The Blackwood river catchment is 22 594 km2. It consists of three sub-catchments, the upper, middle and lower/coastal Blackwood River and extends 300 km inland from the river mouth of the Blackwood River at the Hardy inlet near the town of Augusta. The Blackwood River is the union of two major tributaries; the Arthur and Beaufort rivers.
Average annual rainfall varies from 1100 mm in the west to 400 mm in the east.
The Hardy Inlet is a recreational and tourism draw-card for the town of Augusta, with fishing and boating popular past times. Migratory and resident waterbirds also extensively use the open water and fringing habitats. The estuary has one of largest catchment areas in the south-west corner of Western Australia, receiving freshwater flow from both the Blackwood and the Scott Rivers. For more information about the health of the Hardy Inlet click here
A number of tributaries lead into the lower Blackwood River including Rushy Creek, Chapman Brook, Upper Chapman Brook and McLeod Creek. For a report on the health of these tributaries click here. The lower Basin also has the lower Scott River running through its southern boundary along the coast. Both the Blackwood and the Scott rivers feed into the Hardy inlet. The lower river is influenced by tidal events, receiving estuarine water as far as 42km upstream from the river mouth.
The major tributaries flowing into the middle Blackwood are the Mullalyup Brook, Hester Brook, Gnowergerup Brook, Four Mile Gully, Dinninup Brook and Boyup Brook.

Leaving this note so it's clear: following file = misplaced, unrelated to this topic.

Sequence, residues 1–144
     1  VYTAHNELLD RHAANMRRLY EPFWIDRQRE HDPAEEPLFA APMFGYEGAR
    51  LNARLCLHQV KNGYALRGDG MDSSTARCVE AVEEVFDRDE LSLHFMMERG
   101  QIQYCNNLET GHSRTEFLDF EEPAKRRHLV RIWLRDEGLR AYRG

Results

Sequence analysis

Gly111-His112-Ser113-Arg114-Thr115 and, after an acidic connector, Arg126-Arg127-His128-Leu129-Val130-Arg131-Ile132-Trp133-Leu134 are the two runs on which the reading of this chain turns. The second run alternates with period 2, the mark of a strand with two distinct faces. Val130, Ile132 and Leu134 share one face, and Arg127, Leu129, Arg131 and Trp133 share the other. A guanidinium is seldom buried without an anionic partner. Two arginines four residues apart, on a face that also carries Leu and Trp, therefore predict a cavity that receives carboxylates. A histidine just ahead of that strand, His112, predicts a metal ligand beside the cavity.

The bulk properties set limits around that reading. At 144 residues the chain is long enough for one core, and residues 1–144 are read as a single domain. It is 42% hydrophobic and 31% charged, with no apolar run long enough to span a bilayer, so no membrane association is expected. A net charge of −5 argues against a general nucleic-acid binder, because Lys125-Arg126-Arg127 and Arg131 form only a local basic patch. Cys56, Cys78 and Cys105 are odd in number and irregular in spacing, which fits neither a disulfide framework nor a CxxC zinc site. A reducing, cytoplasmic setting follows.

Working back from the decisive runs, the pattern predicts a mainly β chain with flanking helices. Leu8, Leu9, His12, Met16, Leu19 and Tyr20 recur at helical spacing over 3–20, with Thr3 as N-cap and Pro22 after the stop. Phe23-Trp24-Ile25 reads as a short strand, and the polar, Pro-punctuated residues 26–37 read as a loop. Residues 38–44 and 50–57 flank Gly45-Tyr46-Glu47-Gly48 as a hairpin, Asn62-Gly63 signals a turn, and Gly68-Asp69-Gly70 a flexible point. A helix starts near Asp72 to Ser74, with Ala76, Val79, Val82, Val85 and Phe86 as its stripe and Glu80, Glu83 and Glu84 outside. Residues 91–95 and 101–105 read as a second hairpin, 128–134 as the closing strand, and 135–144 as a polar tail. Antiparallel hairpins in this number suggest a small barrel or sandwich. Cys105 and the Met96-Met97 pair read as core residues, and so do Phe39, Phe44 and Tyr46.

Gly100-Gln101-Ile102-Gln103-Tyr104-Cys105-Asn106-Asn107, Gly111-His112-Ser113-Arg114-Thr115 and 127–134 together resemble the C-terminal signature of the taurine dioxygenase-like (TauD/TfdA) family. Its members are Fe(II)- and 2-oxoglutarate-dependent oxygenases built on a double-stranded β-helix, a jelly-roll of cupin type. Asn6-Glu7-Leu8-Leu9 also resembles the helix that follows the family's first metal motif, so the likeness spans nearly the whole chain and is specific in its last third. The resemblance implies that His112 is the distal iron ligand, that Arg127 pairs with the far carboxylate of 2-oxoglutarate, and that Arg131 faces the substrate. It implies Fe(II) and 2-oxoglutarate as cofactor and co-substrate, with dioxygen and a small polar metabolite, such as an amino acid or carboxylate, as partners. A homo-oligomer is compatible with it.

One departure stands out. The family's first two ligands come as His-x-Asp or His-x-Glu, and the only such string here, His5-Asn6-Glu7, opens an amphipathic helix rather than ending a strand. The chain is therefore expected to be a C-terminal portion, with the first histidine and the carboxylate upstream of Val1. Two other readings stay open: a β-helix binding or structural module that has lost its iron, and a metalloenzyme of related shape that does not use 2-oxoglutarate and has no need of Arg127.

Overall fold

In upper catchment there are chains of naturally occurring salt lakes and wetlands, including Lake Toolibin in the north and the southern chain, running from Dumbleyung to south of Wagin. Due to low annual average rainfall, flat topography these only contribute flow into the lower Blackwood River during extreme rainfall events.
The vegetation is varied, and corresponds to changes in soils, climate and physiography. There is low scrub in the lower catchment near the cost, through to karri and jarrah forests in the lower-middle catchment and mallee and shrubs in the east where rainfall is lower.
Landuse in the catchment is predominately broadacre cereal cropping and sheep grazing, and in the middle and lower catchments there is intensive horticulture, viticulture, dairy and beef farming and also milling for timber. Of the entire Blackwood Basin area, the lower Blackwood sub-catchment has the most vegetation within conservation estate, and the least fragmented, with almost 70% of the lower catchment being State Forest or conservation estate. In the middle catchment approximately 40% of is covered in native vegetation with 26% within State Forest or conservation estate. Outside of these areas, the vegetation is fragmented, occurring as small remnants or along natural waterways and road reserves. Extensive clearing has occurred within the upper Basin for agriculture, as a result only 16% of remnant vegetation remaining, of which only 3% is within conservation estate or Sate Forest. As consequence of land clearing, much of the upper and middle catchment has issues with dryland salinity.